The Coram Family, one of Britain’s oldest children’s charities,
has been plunged into a legal wrangle between government lawyers
and the charity commissioners that has implications for other
The controversy centres on a £17 million art collection
donated to support the Foundling Hospital, now the Coram Family,
established by wealthy seaman Captain Thomas Coram in 1739.
The charity found looking after the collection an increasing
drain on its time and resources. So the governors developed a
scheme, approved by the charity commissioners, whereby it lent the
collection and its building to a newly-created charitable trust for
a 25-year period.
Individual items can be sold off on condition that they remained
in their current home. In this way the collection was maintained,
kept opened to the public and raised funds to support vulnerable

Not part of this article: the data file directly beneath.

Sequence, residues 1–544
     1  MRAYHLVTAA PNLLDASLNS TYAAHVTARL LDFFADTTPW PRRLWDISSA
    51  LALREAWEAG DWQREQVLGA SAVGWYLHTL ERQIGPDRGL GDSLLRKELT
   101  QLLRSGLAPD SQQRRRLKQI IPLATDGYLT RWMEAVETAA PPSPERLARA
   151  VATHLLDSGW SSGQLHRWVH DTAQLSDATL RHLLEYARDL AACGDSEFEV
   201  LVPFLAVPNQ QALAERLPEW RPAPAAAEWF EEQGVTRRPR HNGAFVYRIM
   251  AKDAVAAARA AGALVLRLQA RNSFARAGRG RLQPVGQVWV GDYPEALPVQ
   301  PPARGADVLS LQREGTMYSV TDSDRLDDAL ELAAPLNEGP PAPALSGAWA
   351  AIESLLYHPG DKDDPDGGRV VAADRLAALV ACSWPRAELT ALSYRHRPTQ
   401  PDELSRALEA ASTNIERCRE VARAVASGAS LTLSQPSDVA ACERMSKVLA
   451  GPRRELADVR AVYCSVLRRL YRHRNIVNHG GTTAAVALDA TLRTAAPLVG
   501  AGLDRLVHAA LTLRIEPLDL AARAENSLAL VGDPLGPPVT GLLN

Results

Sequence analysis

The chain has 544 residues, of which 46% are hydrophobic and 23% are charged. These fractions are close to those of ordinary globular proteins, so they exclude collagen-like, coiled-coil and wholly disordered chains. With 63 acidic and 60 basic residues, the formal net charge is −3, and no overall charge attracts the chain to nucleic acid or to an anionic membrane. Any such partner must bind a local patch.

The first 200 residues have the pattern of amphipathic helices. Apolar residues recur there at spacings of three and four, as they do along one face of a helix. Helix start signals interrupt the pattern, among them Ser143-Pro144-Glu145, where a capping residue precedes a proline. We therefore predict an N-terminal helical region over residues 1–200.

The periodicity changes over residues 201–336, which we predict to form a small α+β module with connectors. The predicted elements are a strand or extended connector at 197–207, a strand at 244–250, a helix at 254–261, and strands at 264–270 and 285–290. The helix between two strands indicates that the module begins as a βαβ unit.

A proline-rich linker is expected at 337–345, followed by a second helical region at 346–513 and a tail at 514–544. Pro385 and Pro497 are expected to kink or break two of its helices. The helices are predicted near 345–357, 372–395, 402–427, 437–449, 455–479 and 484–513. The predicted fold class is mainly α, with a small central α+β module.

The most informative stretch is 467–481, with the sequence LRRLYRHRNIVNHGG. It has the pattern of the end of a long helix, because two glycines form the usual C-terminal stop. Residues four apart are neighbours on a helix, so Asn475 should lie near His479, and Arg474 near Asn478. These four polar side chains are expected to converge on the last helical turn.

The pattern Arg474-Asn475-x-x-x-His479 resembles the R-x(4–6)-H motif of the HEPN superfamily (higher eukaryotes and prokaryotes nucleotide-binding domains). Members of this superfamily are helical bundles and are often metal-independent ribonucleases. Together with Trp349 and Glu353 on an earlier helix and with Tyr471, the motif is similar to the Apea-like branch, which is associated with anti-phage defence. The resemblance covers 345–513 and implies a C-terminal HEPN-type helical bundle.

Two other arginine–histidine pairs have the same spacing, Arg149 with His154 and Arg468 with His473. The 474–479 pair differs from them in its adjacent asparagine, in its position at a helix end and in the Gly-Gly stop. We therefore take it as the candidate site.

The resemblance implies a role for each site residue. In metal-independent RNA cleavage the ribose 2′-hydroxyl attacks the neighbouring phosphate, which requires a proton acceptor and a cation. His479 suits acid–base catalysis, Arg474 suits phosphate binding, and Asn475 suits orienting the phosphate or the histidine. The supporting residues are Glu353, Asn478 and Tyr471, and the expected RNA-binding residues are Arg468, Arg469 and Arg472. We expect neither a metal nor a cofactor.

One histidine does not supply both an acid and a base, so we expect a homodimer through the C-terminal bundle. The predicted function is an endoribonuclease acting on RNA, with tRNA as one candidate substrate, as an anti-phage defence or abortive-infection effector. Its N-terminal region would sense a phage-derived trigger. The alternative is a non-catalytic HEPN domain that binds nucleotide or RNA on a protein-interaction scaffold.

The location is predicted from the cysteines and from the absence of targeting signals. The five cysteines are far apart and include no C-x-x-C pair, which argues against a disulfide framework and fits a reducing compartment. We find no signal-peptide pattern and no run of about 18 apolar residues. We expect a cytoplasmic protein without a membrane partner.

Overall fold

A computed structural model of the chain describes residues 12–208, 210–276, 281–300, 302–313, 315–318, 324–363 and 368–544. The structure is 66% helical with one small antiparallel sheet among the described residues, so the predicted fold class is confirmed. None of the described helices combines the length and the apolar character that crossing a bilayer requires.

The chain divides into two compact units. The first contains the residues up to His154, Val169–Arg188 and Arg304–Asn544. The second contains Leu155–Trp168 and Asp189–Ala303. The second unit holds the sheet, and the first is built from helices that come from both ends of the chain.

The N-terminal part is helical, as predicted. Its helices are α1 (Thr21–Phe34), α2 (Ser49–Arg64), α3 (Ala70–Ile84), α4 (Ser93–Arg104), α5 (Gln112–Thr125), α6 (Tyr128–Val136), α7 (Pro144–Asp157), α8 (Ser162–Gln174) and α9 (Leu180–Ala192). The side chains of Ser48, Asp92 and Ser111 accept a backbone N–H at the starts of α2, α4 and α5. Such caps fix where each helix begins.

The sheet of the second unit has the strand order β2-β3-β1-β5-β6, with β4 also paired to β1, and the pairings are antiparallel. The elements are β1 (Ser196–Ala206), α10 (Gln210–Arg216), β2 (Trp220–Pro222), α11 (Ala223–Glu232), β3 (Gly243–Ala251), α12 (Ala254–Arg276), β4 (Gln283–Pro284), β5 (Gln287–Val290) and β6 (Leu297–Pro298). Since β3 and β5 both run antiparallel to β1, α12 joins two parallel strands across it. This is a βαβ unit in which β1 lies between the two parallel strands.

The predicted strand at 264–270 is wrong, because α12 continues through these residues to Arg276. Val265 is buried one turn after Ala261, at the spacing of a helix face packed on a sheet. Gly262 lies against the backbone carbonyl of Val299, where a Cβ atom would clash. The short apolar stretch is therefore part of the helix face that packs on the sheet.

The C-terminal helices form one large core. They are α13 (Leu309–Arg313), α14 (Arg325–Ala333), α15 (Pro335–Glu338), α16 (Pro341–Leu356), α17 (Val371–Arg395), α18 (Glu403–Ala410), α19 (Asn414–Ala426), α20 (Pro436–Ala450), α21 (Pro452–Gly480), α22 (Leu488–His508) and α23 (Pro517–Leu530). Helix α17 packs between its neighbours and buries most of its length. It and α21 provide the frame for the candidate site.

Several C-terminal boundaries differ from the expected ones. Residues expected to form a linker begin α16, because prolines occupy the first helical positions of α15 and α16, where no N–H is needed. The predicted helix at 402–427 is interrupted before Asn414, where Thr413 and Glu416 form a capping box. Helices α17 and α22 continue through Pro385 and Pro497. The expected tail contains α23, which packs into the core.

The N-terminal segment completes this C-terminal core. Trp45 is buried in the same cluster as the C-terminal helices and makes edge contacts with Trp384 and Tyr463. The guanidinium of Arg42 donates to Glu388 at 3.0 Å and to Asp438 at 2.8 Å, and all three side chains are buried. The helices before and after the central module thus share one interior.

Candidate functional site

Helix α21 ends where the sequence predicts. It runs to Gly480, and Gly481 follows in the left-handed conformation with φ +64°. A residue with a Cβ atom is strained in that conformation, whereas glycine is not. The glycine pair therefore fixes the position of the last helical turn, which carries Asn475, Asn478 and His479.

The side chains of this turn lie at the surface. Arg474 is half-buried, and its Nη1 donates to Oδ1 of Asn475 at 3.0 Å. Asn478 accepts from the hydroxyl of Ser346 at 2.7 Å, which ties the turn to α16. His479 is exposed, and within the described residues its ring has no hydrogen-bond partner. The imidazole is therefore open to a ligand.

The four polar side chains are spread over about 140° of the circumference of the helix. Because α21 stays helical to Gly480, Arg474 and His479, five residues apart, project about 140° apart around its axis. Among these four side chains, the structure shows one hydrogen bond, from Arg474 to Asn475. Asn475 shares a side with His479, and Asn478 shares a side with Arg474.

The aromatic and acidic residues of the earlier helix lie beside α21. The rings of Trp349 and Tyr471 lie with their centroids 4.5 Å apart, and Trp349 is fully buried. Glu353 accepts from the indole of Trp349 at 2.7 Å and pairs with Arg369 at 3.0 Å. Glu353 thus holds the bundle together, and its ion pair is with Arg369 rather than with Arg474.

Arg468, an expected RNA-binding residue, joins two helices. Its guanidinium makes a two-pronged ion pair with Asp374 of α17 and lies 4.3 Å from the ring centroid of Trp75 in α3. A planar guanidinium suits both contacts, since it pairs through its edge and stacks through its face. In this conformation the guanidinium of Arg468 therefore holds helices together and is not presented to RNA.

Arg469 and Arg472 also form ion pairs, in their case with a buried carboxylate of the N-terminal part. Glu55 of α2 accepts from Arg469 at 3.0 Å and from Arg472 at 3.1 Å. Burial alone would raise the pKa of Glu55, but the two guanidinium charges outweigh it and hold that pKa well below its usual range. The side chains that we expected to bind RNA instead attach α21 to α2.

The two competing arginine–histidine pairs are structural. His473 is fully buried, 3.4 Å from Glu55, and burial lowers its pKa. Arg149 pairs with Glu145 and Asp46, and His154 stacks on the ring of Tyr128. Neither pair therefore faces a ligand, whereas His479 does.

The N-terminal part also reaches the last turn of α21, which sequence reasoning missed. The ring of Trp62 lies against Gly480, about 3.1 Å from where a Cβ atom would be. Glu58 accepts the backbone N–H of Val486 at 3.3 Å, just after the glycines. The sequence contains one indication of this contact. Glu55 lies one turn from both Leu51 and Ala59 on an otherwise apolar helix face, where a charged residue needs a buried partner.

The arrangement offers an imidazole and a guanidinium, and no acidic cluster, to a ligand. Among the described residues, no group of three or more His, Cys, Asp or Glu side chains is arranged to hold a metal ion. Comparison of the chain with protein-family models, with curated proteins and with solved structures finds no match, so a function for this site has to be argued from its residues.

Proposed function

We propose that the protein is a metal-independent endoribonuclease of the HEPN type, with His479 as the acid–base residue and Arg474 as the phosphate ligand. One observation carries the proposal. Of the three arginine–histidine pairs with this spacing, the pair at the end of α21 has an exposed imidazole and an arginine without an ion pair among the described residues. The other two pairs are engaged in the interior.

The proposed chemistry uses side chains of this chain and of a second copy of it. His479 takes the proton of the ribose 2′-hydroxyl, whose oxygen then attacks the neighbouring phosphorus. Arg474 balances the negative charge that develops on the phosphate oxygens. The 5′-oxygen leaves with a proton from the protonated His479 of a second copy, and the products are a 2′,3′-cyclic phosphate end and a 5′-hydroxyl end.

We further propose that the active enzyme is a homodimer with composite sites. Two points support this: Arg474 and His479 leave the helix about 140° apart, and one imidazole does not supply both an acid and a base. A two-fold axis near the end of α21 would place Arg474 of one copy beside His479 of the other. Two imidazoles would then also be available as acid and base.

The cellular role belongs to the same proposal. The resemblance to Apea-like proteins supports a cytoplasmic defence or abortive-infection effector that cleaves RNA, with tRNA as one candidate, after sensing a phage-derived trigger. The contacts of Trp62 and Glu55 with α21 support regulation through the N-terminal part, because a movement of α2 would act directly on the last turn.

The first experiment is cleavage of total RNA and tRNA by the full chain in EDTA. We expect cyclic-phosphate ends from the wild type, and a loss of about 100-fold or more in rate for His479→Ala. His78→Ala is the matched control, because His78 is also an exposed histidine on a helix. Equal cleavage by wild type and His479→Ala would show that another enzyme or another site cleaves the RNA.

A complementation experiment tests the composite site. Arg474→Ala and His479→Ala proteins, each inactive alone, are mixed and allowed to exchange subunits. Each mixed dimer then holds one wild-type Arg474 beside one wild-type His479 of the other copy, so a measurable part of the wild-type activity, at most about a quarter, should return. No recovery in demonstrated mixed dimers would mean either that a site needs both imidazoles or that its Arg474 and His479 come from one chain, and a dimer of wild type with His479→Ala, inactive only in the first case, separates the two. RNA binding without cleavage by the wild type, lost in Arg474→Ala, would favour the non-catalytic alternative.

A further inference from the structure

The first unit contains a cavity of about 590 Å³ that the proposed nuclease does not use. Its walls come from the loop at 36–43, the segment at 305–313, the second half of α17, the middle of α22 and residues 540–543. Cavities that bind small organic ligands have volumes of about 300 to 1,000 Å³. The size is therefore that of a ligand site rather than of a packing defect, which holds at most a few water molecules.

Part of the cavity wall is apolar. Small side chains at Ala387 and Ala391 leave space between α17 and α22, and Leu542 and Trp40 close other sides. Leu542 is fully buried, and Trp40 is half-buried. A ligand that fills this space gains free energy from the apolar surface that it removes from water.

children. To date, £5 million has been pledged, including a
£3 million grant from the National Heritage Memorial Fund.
But since the scheme began, the charity has spent £100,000
in legal expenses following an objection by one of its
The scheme was even debated in the House of Commons.
Solicitor-general Ross Cranston said that the three options
available were either changing the charity’s objective, letting the
courts decide the matter, or for Coram Family “to do more
As a result of the debate, QCs representing the government and
the charity are due to meet shortly.